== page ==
Research found that the total spending for Christmas 2014 will be similar to 2013, with 30 percent of consumers revealing they feel worse off than last year. The gap between retailer and consumer understanding is reflected in the reports findings. This Christmas is predicted to see the “biggest demand for multi-channel fulfilment experience,” with more and more shoppers turning to different channels in order to shop.
Report highlight growing disconnect between consumer and retailer for Christmas 2014
As traditional shopping patterns continue to change, more consumers turn to new shopping services, such as 'click & collect.' Over half of UK's consumers intend to use 'click & collect' services, with almost three in four aiming to return unwanted purchases in-store, becoming what is known as 'return & run.'
The report also found that 60 percent of consumers plan to carry out last minute shopping trips on the weekend before Christmas, but only 28 percent of shoppers state they are prepared to do this. In comparison, 60 percent of retailers believe that shoppers aim to do a “bulk shop” on the last weekend before Christmas, despite only 28 percent of consumers are prepared to do it.
However most UK retailers have not factored these situations into their forecasting and planning for the holiday season, demand planning and overall customers experience. 44 percent of UK retailers say they still rely on gut feelings for forecasting demand and nearly half (47 percent) rely on manual calculations. 47 percent of retailers admit to promoting the same goods each year.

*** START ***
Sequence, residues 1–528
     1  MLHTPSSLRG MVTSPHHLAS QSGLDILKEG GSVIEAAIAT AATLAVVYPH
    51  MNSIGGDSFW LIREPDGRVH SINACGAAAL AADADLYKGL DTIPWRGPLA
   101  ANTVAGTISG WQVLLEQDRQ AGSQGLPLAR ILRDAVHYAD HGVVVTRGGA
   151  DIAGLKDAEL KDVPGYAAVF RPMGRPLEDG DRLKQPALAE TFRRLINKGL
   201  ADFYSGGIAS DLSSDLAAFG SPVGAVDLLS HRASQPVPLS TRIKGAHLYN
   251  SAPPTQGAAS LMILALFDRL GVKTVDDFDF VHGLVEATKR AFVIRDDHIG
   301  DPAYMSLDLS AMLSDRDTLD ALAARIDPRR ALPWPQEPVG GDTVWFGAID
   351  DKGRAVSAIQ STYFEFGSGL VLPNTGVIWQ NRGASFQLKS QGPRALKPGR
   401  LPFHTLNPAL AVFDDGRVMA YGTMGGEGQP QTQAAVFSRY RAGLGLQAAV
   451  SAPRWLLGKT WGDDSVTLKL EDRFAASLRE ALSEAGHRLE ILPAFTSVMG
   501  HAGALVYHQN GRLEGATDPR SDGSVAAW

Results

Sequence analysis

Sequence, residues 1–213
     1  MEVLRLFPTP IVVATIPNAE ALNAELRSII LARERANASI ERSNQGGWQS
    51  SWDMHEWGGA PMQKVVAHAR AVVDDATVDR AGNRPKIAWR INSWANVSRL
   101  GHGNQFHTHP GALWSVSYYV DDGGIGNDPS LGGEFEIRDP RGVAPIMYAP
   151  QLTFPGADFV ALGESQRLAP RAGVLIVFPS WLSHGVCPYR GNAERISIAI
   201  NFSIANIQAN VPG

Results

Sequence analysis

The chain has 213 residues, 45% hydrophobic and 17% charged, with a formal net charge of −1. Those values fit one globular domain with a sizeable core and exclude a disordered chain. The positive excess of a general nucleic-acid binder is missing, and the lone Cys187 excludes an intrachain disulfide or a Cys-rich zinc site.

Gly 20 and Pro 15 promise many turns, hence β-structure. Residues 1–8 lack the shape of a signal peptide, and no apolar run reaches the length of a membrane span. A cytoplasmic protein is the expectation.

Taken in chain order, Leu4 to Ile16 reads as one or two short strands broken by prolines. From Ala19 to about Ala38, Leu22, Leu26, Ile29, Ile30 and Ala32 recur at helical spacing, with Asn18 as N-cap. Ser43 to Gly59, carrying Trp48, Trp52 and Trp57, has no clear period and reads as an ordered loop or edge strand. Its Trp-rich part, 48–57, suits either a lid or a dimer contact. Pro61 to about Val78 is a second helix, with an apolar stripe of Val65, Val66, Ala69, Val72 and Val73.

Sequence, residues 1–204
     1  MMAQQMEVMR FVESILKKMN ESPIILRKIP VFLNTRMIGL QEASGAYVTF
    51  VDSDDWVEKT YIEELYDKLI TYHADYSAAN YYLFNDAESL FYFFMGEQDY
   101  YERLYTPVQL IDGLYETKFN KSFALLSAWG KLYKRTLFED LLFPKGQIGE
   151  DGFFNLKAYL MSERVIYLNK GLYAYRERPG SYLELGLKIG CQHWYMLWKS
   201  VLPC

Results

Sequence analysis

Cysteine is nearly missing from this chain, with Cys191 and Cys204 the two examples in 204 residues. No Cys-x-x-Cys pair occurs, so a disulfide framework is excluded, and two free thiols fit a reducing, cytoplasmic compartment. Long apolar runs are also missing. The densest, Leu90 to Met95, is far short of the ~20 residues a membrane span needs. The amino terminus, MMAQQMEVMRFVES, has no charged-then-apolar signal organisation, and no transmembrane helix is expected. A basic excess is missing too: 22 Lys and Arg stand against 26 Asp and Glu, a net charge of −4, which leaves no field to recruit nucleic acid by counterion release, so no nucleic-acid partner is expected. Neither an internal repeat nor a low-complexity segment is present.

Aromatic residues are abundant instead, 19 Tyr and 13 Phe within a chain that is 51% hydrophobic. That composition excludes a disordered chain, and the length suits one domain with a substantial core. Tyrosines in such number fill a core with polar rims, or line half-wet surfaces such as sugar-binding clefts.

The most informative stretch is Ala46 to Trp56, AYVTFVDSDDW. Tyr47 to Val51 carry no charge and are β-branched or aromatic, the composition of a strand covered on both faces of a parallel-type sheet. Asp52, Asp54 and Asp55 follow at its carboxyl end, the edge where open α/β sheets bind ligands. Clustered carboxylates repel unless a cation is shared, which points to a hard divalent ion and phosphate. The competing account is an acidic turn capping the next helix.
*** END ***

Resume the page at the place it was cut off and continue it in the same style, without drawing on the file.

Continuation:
“These out-dates approaches lead to risky, unplanned price wars to win customers back and can expose the business to long-term harm,” warns the report. “Retailers therefore need an up-to-date picture of what their customers want and the ability to adapt the service offering according to these preferences.”
“Retailers are facing major changes in how consumers shop at Christmas. They require more options for purchase and fulfilment, and more personalised offers to break through the inbox deluge all consumers experience at this time of year. UK retailers need to get more sophisticated in their forecasting, demand planning, and customer experience in order to meet the changing requirements, otherwise 2015 will be a long year for many retailers,” commented Maureen Hinton, global research director at Conlumino.
"UK retailers need to get more sophisticated in their forecasting"
“So while we see game consoles, books, DVDs, clothes and chocolate as firm favourites this year, any change in demand, need to be planned so retailers can respond rapidly with personalised promotions and offers to attract and keep customers. It will be interesting to see what innovations retailers have in 2014, because they will need it to keep the sales flowing.”
The two main groups with the most festive optimism are the Londoners and the 18-24 year old, who expect to spend more this Christmas than last year. But spending forecast among the 35-54 year old is quite negative, for both men and women, another issues many UK retailers seem to lack a deeper understanding of the different consumer segments and their various reactions to holiday promotional offers.
Adverse weather conditions have also significantly impacted trading during the holiday season over the last few years, with 50 percent of retailers reporting a high to medium influence of poor weather affecting sales figures, versus 16 percent of consumers believing it had an impact. With consumers expecting to receive their online order or purchases despite of any ailing weather conditions, retailers need to respond to any weather issues.
“The retail landscape has never been more complex...to compete, retailers need to compete in the now, by harnessing their data and external sources – such as weather forecasts– to better model and predict consumer demand in order to meet the needs of the customer,” adds Andrew Fowkes, Head of Retail Centre of Excellence, SAS UK & Ireland.
“Consumers live in a society now driven by immediacy, and retailers have no option but to get in sync. So whether it is the known unknowns, or the unknown unknowns, big data analytics provides retailers with the ability to predict the possible and meet consumer demand.”